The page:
• Sending surveys to parents online as family engagement; nevermind families without internet access won’t be able to take the survey
  • Tells families to practice “self-care.” Self-care is important but saying this to a family in crisis because of COVID19 stress can be condescending
  • Invalidates family’s concerns “Don’t worry, your child will be fine next school year,” “Look at the bright side, you get to spend time with your child,” etc.
  • Demanding parents participate, ex. “Please make sure you and your child are online at 1.00 p.m.”
  • Uses the word equity as a proxy for another word (e.g. students of color, poverty, Black/African American, POC, etc.)
  • Forgetting child development and racial equity principles, etc. and expecting kids to want to engage in what adults plan online

We can do better when we slow down and remember racial equity principles and work to include families of color in informing our work, including students. If you have questions about why some of these may be on the BINGO board please ask a friend to talk it through.


Guest blogger: Carrie Basas works in education advocacy and formerly in civil rights law, specializing in disabilities rights. Formerly she was a law professor impressing upon law students the importance of understanding race and its impact on people. Carrie has a MEd in Education Policy, Organizations and Leadership from the University of Washington. She earned a Juris Doctorate from Harvard Law School and an Honors B.A. in Psychology with a minor in Sociology/Anthropology from Swarthmore College. However, her biggest claim to fame is her fashion weekend wear while hanging with her family and dog.


Thank you for your Patreon support: This month we’ll be paying a portion of the support forward to POC led and embedded organizations and individuals directly impacted by COVID19. 

Thank you to our Patreon subscribers who help to keep the blog going and ad-free: Abby, Adrienne, Aimie, Alessandra, Ali, Aline, Alissa, Amber, Amira, Amy, Amy R., Andrea, Andrea J.B., Angie, Angelica, Anh-Chi, Annie, Annie G., Ashlie, Barb, Barrett, Ben, Betsy, Brooke, Brooke B., Brian, C+C, Caitlin, Calandra, Cadence, Carmen, Carolyn C., Carolyn M., Carrie, Carrie S., Casey, Catherine, Cedra, Chandra, Chelsea, Chicxs Happy Brownies, Christine, Claudia, Cierra, Clara, Clark, Colleen, Colleen K-S, Colleen L., Corey, Crystal, Dan, Daniel, Danielle, Danya, Darcie, Dawnnesha, Dean, Debbie (x2), Denise, Denyse, Diana, Dick, Donald, Ed, Edith, Elena, Elizabeth, emily, Erica (2), Erica R.B., Erin, Evan, eve, Francis, Freedom, Greg, Hannah, Heather, Heidi, Heidi and Laura, Heidi S., Jake, Jaime, Janis, Jean, Jena, Jennet, Jennifer C., Jennifer M.x2, Jennifer T., Jessa, Jessica, Jessica F., Jessica G., Jessie, Jillian, Jody, John, Jon, Julia, Julie Anne, K.T., Kari, Karen, Katheryn, Kathryn A., Kathi, Katie, Keisha, Kelli, Kellie, Kellie H., Keshia, Kimberly, Krista, Kristen, Kristen C., Kristen D., Kumar, Laura, Laurel, Lauren, Laurie, Laurie K., Leah, Lisa, Lisa C., Liz, Lori, Lynn, Lynn D., Maile, Maka, Makeba, Marc, Maria, Mary, Matthew, Maura, McKenzie, Megan, Melissa, Michael, Michelle, Mikaela, Mike, Milo, Minesh, Miranda, Miriam, Misha, Molly, Natasha, Nathan, Nathan H. (x2), Nicole, Norah, Norrie, Paola, Patrick, PMM, Priya, Rachel, Rebecca, Risa, Rise Up for Students, Robin, Ruby, Sarah, Sarah S., Seam, Sean, SEJE Consulting, Shannon, Shaun, Shawna, Shelby, Siobhan, Stephen, Stephanie, Stephanie O., Stephanie S., Susan, Tana, Tania, Tania T.-D,Tara, Terri, Tracy, Vanessa, Vanessa V., Virginia, Vivian, and Yvette. If I missed anyone my apologies and thank you for your support. Support the blog by becoming a Patreon supporter.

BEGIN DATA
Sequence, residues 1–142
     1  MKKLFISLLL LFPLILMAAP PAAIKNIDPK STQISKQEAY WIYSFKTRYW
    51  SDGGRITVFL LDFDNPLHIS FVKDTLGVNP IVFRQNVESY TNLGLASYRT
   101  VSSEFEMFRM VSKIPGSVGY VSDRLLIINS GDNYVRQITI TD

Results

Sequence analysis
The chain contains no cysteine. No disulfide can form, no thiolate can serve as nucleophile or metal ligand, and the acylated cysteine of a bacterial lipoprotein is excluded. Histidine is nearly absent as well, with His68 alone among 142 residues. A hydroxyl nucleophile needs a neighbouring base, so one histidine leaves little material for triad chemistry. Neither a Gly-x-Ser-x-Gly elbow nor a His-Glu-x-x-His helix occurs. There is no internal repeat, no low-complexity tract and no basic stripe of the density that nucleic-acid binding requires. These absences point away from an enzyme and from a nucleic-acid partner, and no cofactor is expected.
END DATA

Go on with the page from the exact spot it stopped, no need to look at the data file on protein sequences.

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COVID19 – Organizations Stepping In

skye-sturm_spread-love_hi-res-credits (1)